One of the hit-and-miss aspects of finding information is knowing that something exists, in order to search it out. It is possible to miss out, at least for a while, on services, opportunities, equipment etc. because their existence has not yet come to light. This article points to sources of information that either list what is available or lead to contacts with local people who will know.
Finding public services
Many city, county and district councils split what they publish, between visitors’ and residents’ information. A family with a child who has additional needs might want to consult both kinds, whether that is just for a visit or to put things in place for a new situation / area; broadly speaking, for both leisure / local highlights / informal activities and statutory / community services. https://www.gov.uk/find-your-local-council will find the contact details for a local authority in a county or city, however it can be overlooked that there are different kinds of councils, and more than one may cover the same area.
Smaller town and parish councils can be a source of useful local knowledge. An example comparing the type of information available is Patchway Town Council, which exists within the South Gloucestershire unitary authority (“unitary” indicating that it functions as both a county and a district council). Local authority departments may go under different titles but will include children’s services with children’s social services, education, adult social services, housing, planning, Disabled Facilities Grants, discretionary grants, trading standards, transport and disabled vehicle parking among others.
The local authority will cover some community health-related services, but this side of things will be NHS-based or linked to the NHS in some way. For example, equipment services are likely to cross over between district nurses linked to GP surgeries, and social services (although if you are just visiting an area and need some temporary equipment, the local branch of the Red Cross might be the place to start.) To find local health services, NHS Choices, gives some details and links to parts of the UK from “other NHS sites” at the bottom of the page.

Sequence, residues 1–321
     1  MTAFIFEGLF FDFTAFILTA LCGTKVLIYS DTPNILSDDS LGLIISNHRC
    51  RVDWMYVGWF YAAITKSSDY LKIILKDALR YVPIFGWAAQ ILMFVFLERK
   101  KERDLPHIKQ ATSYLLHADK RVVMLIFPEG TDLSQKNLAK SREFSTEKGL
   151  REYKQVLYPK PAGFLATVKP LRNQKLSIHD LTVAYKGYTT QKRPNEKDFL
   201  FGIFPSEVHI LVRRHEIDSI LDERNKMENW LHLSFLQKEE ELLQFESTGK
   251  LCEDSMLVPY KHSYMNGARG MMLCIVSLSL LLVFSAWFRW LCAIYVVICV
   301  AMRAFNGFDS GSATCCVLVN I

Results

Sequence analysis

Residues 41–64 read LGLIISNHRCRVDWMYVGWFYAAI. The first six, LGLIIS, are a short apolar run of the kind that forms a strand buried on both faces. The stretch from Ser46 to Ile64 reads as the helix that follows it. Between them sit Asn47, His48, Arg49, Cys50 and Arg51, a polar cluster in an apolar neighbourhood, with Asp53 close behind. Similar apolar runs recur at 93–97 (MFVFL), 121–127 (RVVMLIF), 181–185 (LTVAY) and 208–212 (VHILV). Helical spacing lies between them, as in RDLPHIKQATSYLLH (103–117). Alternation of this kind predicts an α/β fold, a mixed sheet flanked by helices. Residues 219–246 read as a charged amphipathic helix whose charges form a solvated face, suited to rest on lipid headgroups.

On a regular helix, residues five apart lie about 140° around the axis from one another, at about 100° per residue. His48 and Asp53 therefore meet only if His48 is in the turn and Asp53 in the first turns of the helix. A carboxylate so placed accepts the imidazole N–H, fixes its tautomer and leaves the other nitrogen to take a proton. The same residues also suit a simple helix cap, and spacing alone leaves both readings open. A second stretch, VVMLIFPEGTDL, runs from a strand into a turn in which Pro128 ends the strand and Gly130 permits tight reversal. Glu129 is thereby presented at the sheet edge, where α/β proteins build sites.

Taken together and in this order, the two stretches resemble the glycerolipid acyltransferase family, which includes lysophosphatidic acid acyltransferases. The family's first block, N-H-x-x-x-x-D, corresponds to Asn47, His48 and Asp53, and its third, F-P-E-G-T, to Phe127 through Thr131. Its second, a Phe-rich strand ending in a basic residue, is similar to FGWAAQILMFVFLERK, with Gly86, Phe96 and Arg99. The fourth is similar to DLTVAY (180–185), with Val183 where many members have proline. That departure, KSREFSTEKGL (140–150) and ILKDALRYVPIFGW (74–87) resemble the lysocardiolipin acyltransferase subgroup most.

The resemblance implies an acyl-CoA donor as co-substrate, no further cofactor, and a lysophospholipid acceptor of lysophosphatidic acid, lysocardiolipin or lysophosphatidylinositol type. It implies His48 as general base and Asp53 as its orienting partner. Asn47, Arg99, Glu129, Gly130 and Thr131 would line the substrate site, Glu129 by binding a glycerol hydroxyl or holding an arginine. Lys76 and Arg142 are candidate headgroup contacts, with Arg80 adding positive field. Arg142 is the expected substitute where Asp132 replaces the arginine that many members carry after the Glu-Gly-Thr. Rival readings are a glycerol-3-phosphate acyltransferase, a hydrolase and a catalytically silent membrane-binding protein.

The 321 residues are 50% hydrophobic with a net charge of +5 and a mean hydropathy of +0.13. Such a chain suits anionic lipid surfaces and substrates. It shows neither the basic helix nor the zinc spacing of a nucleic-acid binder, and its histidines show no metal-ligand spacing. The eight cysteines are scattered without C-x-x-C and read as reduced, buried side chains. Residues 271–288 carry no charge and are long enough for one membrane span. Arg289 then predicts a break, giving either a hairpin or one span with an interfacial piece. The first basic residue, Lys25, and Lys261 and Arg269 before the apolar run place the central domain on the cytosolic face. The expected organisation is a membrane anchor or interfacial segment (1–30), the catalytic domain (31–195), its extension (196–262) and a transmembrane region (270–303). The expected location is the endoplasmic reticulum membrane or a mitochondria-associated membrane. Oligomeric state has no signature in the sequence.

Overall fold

All or most of the above will be very familiar to people with some experience, but to those who are new to it, it can seem like a maze.
A few other links relating to public services:
Local Family Information Services, which provide a range of information on services available to parents, including parents of disabled children.
NHS Choices services search, to find local health-related services.
Transferring to new services, including records, can often be assisted by the services you are moving from. Capability Scotland publish a guide for people moving to there with a disabled child, some of which could also be useful in other parts of the UK. A quick reference to all your child’s needs and existing services (such as a Personal Portfolio) can be a useful tool.
Transport information can be found at: Traveline.
Finding charities and other support
Good starting-points to get the lie of the land, as it were, are libraries (and librarians) – nearby ones can be found by entering a postcode or location name at: http://www.findalibrary.org.uk/#Start.
Tourist Information Centres are listed at: http://www.information-britain.co.uk/tic.cfm (in Northern Ireland, Visitor Information Centres, http://www.discovernorthernireland.com/Visitor-Information-Centres-VICs–A2216).
Voluntary services organisations are likely to know what charities and informal groups are active in an area: in England, these are the Councils for Voluntary Service (CVS), listed at: http://www.navca.org.uk/directory/home.aspx. Wales has County Voluntary Councils, listed at: http://www.wcva.org.uk/members-partners/county-voluntary-councils. In Northern Ireland, the NICVA lists the organisations at: http://www.nicva.org/members_a-z, and in Scotland, many voluntary organisations are listed by area at: http://www.iscotland.co.uk/local/charities-and-voluntary-organisations/, and the umbrella body is the SCVO.